Question: Did Rudolph Giuliani fart during a legal proceeding on December 2, 2020?
Short answer: Probably not.
Long answer: Apparently there is someone named Rudolph Giuliani, and apparently this Giuliani is rumored to have farted at a legal hearing in December 2020. Being immersed in our studies, we have never heard of the man or his legal pursuits.
But we are always curious about farts, and since even Snopes doesn’t know whether Giuliani farted, it falls to us to figure out what really happened. We have obtained an audio recording of the Event in question and begun to analyze it.
In previous work, we analyzed our database of over 2000 farts and found that the sound frequencies fall outside the range to which the human ear is highly sensitive. Thus, it is possible that listeners mistook some other sound for a fart. But it is also possible that Rudolph Giuliani has a tendency toward anti-social or even depraved behaviors. As stated above, we really don’t know anything about him.
Part of Giuliani’s testimony, including the auditory Event in question, can be heard here:
There are actually (at least) two potential farts in this recording, but here we are only concerned with the first one, which we have isolated:
Our first step was to convert this Event into a time-frequency histogram, using the Morlet wavelet transform. This yields the following auditory content:
This shows that the Giuliani Event is comprised of a range of sound frequencies, with the peak occurring near 400 Hz. Extracting the data around the peak sound amplitude, we obtain the power spectrum shown below in red:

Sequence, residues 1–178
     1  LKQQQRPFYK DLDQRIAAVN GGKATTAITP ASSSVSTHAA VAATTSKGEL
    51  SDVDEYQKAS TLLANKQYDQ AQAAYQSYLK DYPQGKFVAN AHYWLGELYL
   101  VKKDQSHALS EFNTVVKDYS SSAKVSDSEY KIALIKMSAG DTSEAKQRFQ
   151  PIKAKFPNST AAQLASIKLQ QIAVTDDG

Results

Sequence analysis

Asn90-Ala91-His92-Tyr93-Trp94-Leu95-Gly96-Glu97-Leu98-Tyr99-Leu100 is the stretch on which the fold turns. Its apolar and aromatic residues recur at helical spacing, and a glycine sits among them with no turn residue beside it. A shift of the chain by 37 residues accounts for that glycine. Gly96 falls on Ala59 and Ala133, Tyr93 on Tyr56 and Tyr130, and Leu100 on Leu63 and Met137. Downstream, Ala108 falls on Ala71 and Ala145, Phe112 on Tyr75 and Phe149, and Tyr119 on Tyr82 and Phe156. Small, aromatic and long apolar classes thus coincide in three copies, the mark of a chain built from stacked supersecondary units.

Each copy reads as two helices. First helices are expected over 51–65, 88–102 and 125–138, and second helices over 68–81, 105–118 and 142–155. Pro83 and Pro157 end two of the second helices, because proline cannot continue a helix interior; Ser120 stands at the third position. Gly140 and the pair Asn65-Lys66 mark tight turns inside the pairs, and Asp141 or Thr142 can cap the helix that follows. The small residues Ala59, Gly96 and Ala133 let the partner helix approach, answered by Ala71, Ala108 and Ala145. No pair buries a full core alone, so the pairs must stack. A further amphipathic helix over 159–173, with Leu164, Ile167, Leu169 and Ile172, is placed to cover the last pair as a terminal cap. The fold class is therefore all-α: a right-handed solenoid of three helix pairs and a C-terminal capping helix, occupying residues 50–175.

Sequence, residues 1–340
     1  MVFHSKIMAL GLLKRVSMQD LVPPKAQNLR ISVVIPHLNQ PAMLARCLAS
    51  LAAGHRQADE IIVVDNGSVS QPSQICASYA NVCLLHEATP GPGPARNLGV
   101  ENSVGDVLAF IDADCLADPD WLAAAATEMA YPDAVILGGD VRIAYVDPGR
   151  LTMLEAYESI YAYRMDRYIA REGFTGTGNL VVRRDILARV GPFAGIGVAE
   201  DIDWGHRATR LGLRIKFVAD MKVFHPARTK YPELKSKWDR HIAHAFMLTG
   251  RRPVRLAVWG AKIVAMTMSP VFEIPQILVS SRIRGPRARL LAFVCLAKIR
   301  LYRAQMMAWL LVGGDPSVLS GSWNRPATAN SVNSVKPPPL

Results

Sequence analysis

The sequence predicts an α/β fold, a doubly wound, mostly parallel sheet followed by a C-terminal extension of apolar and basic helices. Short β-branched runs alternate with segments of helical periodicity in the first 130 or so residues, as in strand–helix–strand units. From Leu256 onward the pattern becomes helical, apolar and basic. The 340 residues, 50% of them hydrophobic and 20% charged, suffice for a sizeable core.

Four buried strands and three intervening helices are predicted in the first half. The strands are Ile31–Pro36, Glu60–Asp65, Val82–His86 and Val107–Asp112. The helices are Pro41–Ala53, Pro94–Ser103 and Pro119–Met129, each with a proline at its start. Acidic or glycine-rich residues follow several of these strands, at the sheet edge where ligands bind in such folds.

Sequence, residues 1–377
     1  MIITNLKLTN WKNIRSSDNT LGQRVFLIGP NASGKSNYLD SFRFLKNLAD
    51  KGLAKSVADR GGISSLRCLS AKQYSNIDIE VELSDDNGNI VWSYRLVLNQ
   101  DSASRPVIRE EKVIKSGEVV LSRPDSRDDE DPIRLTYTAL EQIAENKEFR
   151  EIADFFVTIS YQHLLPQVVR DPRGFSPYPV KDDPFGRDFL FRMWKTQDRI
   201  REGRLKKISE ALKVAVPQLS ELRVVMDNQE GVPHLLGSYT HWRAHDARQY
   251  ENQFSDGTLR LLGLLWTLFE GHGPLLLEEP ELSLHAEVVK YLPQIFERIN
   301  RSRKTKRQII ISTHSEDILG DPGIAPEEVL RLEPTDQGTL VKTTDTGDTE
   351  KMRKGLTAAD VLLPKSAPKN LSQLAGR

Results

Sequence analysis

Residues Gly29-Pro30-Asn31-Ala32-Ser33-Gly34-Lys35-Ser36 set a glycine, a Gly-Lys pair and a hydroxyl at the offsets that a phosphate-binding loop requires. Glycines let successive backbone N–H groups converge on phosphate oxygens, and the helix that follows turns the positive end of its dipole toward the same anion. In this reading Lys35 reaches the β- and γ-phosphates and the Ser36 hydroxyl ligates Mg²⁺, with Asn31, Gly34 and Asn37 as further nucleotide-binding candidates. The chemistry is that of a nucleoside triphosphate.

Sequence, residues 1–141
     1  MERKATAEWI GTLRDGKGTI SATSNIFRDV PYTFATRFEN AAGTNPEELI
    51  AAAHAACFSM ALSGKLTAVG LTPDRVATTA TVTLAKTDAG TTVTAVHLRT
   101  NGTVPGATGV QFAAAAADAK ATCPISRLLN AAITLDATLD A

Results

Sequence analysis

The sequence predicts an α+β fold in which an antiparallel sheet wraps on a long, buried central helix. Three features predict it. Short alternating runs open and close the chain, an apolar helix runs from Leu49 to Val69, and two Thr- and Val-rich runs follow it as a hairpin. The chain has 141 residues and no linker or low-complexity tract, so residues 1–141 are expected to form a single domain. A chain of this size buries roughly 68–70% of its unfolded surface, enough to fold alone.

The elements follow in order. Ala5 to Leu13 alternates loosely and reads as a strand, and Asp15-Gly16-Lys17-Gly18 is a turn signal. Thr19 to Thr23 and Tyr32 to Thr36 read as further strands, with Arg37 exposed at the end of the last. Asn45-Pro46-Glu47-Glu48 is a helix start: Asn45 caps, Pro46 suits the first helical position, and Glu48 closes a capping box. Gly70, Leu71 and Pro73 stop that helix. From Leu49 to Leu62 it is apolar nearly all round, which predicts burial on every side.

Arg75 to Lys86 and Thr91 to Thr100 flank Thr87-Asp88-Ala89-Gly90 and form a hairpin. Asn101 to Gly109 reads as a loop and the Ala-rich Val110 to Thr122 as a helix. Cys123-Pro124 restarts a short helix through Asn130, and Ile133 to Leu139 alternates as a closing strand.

The blue line shows the frequency content of an average fart, taken from our database. These typically have sound frequencies between 200 Hz and 400 Hz, with the highest power being concentrated near 300 Hz. The Giuliani event, by contrast, has most of its power between 300 and 500 Hz, which is not typical of fart sounds.
Considering only the peak frequencies, we find that its peak frequency of 408 Hz places it outside the range of the distribution of farts we have recorded. Indeed, in our database of farts, we find only 2 out of 2314 farts that have a peak frequency of 400 Hz or greater.
Thus, we conclude that the frequency content of the sound produced during Giuliani’s testimony is unlikely to have been a fart. And if it was a fart, it was probably not very smelly.
It has not escaped our notice that the frequencies we have isolated suggest a possible mechanism for detecting farts in other sound recordings. Future work will be devoted to the development of a fart filter for automated detection of farts in audio samples.